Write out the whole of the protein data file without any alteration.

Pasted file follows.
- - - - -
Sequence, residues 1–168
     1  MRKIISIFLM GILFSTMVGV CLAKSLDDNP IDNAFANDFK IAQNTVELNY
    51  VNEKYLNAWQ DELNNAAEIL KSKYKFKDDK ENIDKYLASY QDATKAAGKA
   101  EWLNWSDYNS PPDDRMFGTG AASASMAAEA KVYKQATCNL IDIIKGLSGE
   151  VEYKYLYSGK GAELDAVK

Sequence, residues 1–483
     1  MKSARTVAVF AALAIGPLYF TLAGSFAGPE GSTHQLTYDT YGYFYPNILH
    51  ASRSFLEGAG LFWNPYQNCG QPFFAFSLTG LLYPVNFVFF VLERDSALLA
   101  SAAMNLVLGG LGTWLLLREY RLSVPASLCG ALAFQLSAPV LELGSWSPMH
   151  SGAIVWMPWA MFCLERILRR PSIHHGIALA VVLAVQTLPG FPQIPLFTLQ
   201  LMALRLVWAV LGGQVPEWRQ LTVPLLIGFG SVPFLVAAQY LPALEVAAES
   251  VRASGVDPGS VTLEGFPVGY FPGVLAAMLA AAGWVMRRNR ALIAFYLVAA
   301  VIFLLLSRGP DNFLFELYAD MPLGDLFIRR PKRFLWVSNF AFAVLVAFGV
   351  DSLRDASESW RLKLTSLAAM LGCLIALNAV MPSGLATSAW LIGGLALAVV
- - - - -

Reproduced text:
Sequence, residues 1–168
     1  MRKIISIFLM GILFSTMVGV CLAKSLDDNP IDNAFANDFK IAQNTVELNY
    51  VNEKYLNAWQ DELNNAAEIL KSKYKFKDDK ENIDKYLASY QDATKAAGKA
   101  EWLNWSDYNS PPDDRMFGTG AASASMAAEA KVYKQATCNL IDIIKGLSGE
   151  VEYKYLYSGK GAELDAVK

Sequence, residues 1–483
     1  MKSARTVAVF AALAIGPLYF TLAGSFAGPE GSTHQLTYDT YGYFYPNILH
    51  ASRSFLEGAG LFWNPYQNCG QPFFAFSLTG LLYPVNFVFF VLERDSALLA
   101  SAAMNLVLGG LGTWLLLREY RLSVPASLCG ALAFQLSAPV LELGSWSPMH
   151  SGAIVWMPWA MFCLERILRR PSIHHGIALA VVLAVQTLPG FPQIPLFTLQ
   201  LMALRLVWAV LGGQVPEWRQ LTVPLLIGFG SVPFLVAAQY LPALEVAAES
   251  VRASGVDPGS VTLEGFPVGY FPGVLAAMLA AAGWVMRRNR ALIAFYLVAA
   301  VIFLLLSRGP DNFLFELYAD MPLGDLFIRR PKRFLWVSNF AFAVLVAFGV
   351  DSLRDASESW RLKLTSLAAM LGCLIALNAV MPSGLATSAW LIGGLALAVV